A few tips & tricks from our Portuguese colleague, Sara Coelho
The third edition of the annual Digital Infrastructures for Research (DI4R) conference is just around the corner, and will take place at the University of Lisbon campus in Lisbon, from 9-11 October.
Apart from an excellent conference venue, Portugal’s capital is an elegant and vibrant city, so don’t miss the opportunity to stroll its streets and discover its wonders.
Here are a few not-to-miss attractions of Lisbon:
What to see:
- Tram 28
Lisbon is the European capital with the one of the largest networks of historical trams. A true landmark of Lisbon, the wooden tram 28 roars through Lisbon's most historic streets and passes through the popular tourist districts of Graça, Alfama, Baixa and Estrela. You can avoid the long lines and ride the tram early in the morning or late afternoon.
- Castelo São Jorge
The ancient castle dates back to the ninth century and rules over the city, being visible from almost every street in Lisbon.
- Praça do Comércio
The Praça do Comércio is the largest of Lisbon's plazas, with traditional painted buildings along the sides and a statue of King José I as a centrepiece of the ensemble. This was where the old royal palace was, before being destroyed in the 1755 earthquake, Not to be missed!
- Torre de Belém
A 16th-century fortified tower which serves as a symbol of maritime Lisbon. The tower is located in Belém, very close to two architectural landmarks built 500 years apart: the Mosteiro of Jerónimos and the Centro Cultural of Belém.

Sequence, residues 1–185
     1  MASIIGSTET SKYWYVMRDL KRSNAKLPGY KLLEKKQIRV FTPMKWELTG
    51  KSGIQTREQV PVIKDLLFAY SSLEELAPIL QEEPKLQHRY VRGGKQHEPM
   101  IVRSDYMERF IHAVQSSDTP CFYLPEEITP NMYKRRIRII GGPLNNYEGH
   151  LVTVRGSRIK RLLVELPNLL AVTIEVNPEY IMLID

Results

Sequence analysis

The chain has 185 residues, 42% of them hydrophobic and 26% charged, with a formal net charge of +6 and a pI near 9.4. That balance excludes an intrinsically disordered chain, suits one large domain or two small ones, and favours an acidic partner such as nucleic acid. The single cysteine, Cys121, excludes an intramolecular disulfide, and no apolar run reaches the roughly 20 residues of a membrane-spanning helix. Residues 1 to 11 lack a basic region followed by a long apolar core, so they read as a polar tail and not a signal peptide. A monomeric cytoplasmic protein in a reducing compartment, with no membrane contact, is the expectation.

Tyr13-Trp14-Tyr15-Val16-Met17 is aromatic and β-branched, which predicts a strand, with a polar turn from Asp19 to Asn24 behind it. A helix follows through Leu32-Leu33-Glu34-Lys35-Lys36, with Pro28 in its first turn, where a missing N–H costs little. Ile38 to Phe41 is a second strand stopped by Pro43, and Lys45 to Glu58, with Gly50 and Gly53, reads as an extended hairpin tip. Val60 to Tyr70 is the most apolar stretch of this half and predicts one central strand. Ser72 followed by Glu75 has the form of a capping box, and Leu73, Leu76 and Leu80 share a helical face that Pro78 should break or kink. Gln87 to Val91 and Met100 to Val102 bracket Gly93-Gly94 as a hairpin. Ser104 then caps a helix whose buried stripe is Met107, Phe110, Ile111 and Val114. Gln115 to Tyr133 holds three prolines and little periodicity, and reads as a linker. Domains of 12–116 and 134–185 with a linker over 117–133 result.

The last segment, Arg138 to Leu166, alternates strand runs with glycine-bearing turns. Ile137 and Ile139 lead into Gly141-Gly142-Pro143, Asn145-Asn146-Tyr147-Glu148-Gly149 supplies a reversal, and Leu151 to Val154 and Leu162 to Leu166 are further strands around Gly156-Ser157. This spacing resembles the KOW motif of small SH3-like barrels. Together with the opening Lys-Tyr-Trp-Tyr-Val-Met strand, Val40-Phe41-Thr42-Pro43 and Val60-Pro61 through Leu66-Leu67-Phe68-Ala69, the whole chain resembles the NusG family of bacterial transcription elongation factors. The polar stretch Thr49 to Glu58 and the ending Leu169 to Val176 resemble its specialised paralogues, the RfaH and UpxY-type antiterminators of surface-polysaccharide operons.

Where to eat:
- The Mercado da Ribeira is a collection of market stalls with everything from ice cream and pastries, snacks, tapas, fancy chef food and vegetarian options.
- Go to a Pastelaria for pastries and coffee. Every street has one and everyone has a local (mine is Pastelaria Vitória in Estefânia). The most famous Lisbon pastry is the pastel de nata (custard tarts) but that is just the tip of the iceberg. A few of the most traditional Pastelarias are the Versailles, the Mexicana, the Confeitaria Nacional.
Restaurants: you will have plenty of choice. Here are a few (all except one out of the touristy areas):
- Galeto is a gorgeous place decorated exactly as it opened in the 1950s. They serve uncomplicated food, steak sandwiches, burgers at the counter (no tables!)
- Brasserie de l'Entrecote is a fancy place to eat steak, hasn’t changed since the first time I went there with my father (really not for vegetarians!)
- Alfaia is a restaurant in Bairro Alto that serves traditional Portuguese food. It’s in a middle of a touristy area so make a reservation.
- Santa Clara dos Cogumelos, strictly for mushroom lovers, everything in the menu is cooked with them. Their crème brulee with truffles is like nothing else (make a reservation, it’s always full)
- Honorato is a hipster burger place, with a gin menu and all, a bit over the top, but the burgers are well worth it.
- Marisqueira do Liz is a perfect place to eat seafood.
- Portugália old school beerhouse, where you can have a steak, seafood and bee
- PSI and Os Tibetanos are two vegetarian restaurants with lots of vegan options